The previous post, this post, and the next four were provoked by an article that made two assertions I found troubling: one, that there is no consensus among researchers on the consequences of inequality, and two, that evidence of a “causal relationship” between income inequality and health is unclear. In the last post, I discussed those assertions and quoted Daniel Goldberg on whether health behaviors determine health. To continue …
Ground control, we have causation
Over the past few months, since I first read that annoying article, I keep coming across accounts that offer evidence of the harms that result from inequality (particularly in childhood), as well as actions that doctors and politicians are willing to take to address the problem. We’ve known for some time that there was a correlation between poverty and health. Now we’re finally discovering the mechanisms, the causation. Read more
I recently read an article that really annoyed me. It was called “Rebooting Social Science: The interdisciplinary Tobin Project addresses real-world problems.” I began to realize that I wouldn’t see eye to eye with this article when I got to the section that discussed the “real-world problem” of inequality. The section was titled “Interrogating Inequality.” Not “addressing” inequality. Interrogating. Shades of “doubt is our product,” as I’ll explain.
One of the scholars interviewed for this article characterized inequality as “the most contested of contemporary issues.” The evidence cited for said contestation was the lack of agreement on whether inequality contributed to the recent financial crisis. Some claim that it did. Others, however,
dismiss this argument, viewing rising inequality “as little more than a hiccup” or even celebrating it as “a favorable development … in the progress of American capitalism.”
As it turns out, the real issue being “contested” by these “social scientists” (economists, not sociologists) is not whether inequality exists or whether it’s just a hiccup or an inevitability of capitalism. No. (emphasis in the original)
The problem is, there is no consensus in the research on the consequences of inequality.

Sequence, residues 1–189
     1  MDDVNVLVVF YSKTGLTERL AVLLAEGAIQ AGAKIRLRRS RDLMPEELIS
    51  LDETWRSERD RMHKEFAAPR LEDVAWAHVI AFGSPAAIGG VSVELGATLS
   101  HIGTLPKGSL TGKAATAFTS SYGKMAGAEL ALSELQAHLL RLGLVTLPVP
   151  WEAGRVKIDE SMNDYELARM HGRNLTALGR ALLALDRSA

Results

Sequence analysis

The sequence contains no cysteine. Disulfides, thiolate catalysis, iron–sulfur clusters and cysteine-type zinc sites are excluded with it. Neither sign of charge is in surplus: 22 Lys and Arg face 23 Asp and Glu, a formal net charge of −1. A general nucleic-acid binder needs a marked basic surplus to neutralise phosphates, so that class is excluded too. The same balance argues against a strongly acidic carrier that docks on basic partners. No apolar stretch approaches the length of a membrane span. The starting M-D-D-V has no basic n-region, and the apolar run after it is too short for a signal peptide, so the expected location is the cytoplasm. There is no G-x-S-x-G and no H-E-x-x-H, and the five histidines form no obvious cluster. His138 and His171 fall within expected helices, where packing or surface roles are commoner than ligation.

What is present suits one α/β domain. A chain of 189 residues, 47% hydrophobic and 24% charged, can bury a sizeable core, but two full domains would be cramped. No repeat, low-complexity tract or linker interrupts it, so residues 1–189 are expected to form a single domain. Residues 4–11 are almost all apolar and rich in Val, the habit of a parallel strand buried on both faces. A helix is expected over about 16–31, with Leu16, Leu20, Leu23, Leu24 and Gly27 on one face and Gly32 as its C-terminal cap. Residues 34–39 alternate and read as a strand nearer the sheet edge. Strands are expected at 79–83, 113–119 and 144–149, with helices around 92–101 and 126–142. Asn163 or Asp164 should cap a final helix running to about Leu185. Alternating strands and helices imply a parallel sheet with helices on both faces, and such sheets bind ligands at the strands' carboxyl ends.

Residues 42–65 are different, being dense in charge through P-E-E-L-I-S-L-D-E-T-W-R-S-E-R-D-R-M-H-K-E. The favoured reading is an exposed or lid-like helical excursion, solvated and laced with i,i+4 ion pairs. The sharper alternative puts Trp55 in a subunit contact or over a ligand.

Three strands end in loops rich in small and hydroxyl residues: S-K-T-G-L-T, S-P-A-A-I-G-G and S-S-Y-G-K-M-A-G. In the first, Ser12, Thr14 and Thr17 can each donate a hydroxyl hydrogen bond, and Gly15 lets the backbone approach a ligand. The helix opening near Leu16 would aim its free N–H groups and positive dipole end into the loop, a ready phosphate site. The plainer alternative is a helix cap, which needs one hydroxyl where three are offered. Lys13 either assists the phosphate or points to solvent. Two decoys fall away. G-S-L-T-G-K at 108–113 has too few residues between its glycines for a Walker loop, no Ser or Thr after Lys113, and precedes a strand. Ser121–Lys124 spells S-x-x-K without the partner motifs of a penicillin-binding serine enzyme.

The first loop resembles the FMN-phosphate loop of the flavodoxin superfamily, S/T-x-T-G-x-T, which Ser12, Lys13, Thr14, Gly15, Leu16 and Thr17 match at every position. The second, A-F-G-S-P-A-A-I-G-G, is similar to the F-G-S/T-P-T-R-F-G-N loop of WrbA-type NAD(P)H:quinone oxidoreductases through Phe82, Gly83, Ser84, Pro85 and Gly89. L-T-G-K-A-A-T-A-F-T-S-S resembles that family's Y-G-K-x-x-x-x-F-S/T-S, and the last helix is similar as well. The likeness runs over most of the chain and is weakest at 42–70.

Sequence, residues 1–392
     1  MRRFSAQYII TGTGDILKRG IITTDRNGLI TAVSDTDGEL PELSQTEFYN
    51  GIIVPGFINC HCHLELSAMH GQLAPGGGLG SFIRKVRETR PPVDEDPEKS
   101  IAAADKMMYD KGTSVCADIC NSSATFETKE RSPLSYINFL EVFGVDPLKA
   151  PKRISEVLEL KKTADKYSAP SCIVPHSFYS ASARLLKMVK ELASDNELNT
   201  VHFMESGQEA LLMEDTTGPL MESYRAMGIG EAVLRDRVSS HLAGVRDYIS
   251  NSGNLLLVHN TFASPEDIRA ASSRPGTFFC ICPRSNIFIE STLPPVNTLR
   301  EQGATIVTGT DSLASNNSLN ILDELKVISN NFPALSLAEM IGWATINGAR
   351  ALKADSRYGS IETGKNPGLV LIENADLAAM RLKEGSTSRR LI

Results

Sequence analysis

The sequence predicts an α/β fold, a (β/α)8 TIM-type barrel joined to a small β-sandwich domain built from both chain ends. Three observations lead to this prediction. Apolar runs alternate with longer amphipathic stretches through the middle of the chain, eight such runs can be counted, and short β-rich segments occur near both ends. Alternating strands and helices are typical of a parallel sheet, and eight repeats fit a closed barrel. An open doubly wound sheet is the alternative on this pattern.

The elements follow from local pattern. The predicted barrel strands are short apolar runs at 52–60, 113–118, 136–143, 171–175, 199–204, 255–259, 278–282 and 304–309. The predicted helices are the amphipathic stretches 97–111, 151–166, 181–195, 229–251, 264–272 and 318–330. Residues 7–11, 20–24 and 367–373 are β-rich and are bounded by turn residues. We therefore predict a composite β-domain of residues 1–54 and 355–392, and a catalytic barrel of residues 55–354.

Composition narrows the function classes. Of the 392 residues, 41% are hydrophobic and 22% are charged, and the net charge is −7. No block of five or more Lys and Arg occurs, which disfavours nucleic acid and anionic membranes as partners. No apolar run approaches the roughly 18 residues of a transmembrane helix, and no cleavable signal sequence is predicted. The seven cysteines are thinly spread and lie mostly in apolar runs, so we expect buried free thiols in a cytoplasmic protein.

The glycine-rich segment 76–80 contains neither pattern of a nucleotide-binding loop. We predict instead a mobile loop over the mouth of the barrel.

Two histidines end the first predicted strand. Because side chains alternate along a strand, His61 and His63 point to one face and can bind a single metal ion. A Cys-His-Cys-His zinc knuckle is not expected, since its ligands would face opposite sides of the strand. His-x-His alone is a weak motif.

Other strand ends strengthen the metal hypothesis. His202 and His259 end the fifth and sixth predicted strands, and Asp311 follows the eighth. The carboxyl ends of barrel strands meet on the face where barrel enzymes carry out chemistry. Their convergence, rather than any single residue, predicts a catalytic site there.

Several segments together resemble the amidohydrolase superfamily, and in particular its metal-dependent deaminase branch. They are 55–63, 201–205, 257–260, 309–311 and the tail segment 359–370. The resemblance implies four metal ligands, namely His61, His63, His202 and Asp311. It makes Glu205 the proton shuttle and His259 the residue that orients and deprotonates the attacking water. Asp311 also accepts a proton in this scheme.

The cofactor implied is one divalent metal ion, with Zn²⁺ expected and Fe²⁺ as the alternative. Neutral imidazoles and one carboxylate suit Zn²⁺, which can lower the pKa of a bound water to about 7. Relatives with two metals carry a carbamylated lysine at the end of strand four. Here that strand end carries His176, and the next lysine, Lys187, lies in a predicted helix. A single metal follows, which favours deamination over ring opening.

No consequences? What about childhood trauma, increased rates of disease, shorter lifespans, human dignity? Well, it turns out those things may affect individuals, but what these researchers are looking for are societal consequences. For example, is there a relationship between inequality and economic growth? Evidently, if we cannot detect a decrease in economic growth, there’s no reason to alleviate inequality. And it seems social scientists disagree among themselves about the quality of the evidence on that issue. Read more
The August issue of The Journal of Medicine and Philosophy does not have a specific theme. The nine articles address a number of quite interesting issues, among them:
How existential psychotherapy can offer powerful insights to patients recovering from severe mental disorders such as psychosis
How a preference in athletics for natural talent over artificial enhancements (such as doping) may reflect “unsavory beliefs about ‘nature’s aristocracy’ ”
How rich, educated, white males may be just as, if not more, vulnerable to threats posed by physician-assisted suicide and voluntary active euthanasia than members of marginalized groups
When the decision is made not to administer artificial hydration and nutrition, can the responsibility for the patient’s death be attributed to the underlying pathology, even when that is not the cause of death
The right to procreate: Is it possible for prospective mothers to wrong prospective fathers by bearing their child
Note that the articles in this journal are not open access and that I have added the emphasis in the following extracts and abstracts. Read more
The August issue of Social History of Medicine contains eight original articles:
Late 19th/early 20th century food adulteration in an increasingly industrialized and globalized world and the search for safety standards
The shift in cancer education in the 1950s, no longer downplaying post-operative recovery
The 20th century shift in British veterinary medicine towards small animals (dogs, cats), as the need to attend to horses declined (open access)
How complaints about the quality of London drinking water in the 18th century reflected the new popularity of bathing for health and social attitudes towards bathers from the lower classes
A re-evaluation of the prevalence of venereal disease at the time of the World War I (open access)
How quacks preyed on people with hearing loss in mid-19th century Britain
How the 1975 TV play, ‘Through the Night,’ portraying what it was like to experience breast cancer treatment, registered with medical professionals and activists who complained of ‘the machinery of authoritarian care’ (open access)
Did Axel Holst and Theodor Frølich actually develop an animal model of experimental research?
There are also a large number of book reviews, including:
Writing History in the Age of Biomedicine by Roger Cooter with Claudia Stein
Emotions and Health, 1200–1700 by Elena Carrera (ed.)
The Age of Stress: Science and the Search for Stability by Mark Jackson
Before Bioethics: A History of American Medical Ethics from the Colonial Period to the Bioethics Revolution by Robert Baker